The publicity officer for the garden center meets with KLRU on what appears to be a quarterly basis and scheduling notification in the past has not been advantageous. Chuck mentioned that no mater the amount of publicity we generate, we still suffer from the lack of parking at the garden center. Discussion was held on the bureaucratic greed of the city regarding its operations of public events at and near Zilker Park and the effects on all functions held at the garden center. Stephanie Quisenberry brought up a point of interest of advertising on the World Wide Web.  Larry Gfeller proposed aligning ourselves with other public service groups to increase public awareness of our presence. One example was possible demos at Generation Celebration, an event whose purpose is to bring grandparents together with grand children. Del De Los Santos brought up the fact that most ABS workers are already strapped and couldn't take on the other tasks. Chuck reiterated the need to  charge' (as in instill vigor/new life in) the membership to participate in club functions. Larry Gfeller proposed holding open bonsai classes/workshops to the public with a monetary charge for participation, there by exposing our existence and adding to club coffers at the same time.

Pat Ware mentioned the latest newsletter contained the error announcing the June workshop as scheduled for June 28, when in reality it is on June 25th.  Stephanie Quisenberry volunteered to call the membership with the correction.

Discussion was held and it was approved for Pat Ware to contact the garden center and change the time slot for the summer workshop with Marry Miller from noon to 11:00 A.M.  This change will give us a bit more time for workshop and still enjoy the company of our San Antonio guest at dinner and providing them enough time to drive home safely.  Larry Gfeller volunteered to develop a survey to poll members about workshop participation. There has been no word received from Mark Nolanders on his participation in a future workshop.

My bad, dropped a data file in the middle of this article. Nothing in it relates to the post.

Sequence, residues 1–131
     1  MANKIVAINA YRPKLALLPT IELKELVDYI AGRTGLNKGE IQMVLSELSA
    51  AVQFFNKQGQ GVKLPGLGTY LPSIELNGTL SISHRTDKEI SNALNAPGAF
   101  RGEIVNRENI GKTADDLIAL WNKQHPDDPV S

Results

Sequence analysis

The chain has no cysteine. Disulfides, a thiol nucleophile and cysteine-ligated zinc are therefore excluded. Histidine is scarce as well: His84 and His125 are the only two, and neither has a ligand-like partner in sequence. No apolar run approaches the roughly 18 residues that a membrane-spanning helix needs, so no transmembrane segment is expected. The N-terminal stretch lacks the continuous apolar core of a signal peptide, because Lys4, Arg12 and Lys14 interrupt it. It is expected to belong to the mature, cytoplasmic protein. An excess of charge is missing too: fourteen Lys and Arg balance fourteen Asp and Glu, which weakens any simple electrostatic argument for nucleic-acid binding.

The meeting adjourned at 8:05 P.M., Pat Ware remained with new member James Morgan, Jr., who has volunteered to take over the newsletter.

Your Bonsai in Full Sun-Part 3

What Shade Fabric and Shading Technique is Best?

by J. R. (Bill) Cody

In a previous article we found that our bonsai in full sun are at risk of supraoptimal root zone temperatures.  Foster defines supraoptimal root zone temperature (SORTZ) as temperatures within the root ball of a plant between 89.6F and 104F.  Exposure of roots to temperatures within this range is detrimental to the general good health of the plant; exposure to temperatures above this range can be lethal to most plants.  Since the primary source of supraoptimal root zone temperatures is the influx of solar radiation striking the container's walls, the most efficient management would be to reduce this radiant energy from entering the growth medium.  One of the solutions suggested for this problem is to use a shade cloth above the bonsai and container.  Whitcomb tells us a 47% overhead shade is not detrimental to the growth of plants; however, no information was presented as to the protection of the root system beneath this degree of shading.  A second possible remedy recommended is to shade the root ball's container.  In bonsai culture there are alleged advantages for exposing the plants to full sun small leaves, short internodes, short needles.  To protect the root ball from detrimental supraoptimal root zone temperatures and still give the plant the benefit of exposure to full sun, what container shade cloth should we use to achieve these ends?  Does the shade cloth need to be suspended above the container and growth medium or may we just throw the cloth over the container in any old fashion?  In this study we set out to examine the efficacy of several easily obtainable fabrics of different shade densities, both synthetic fabrics and natural fiber fabrics, applied in two different ways to cover the bonsai container only.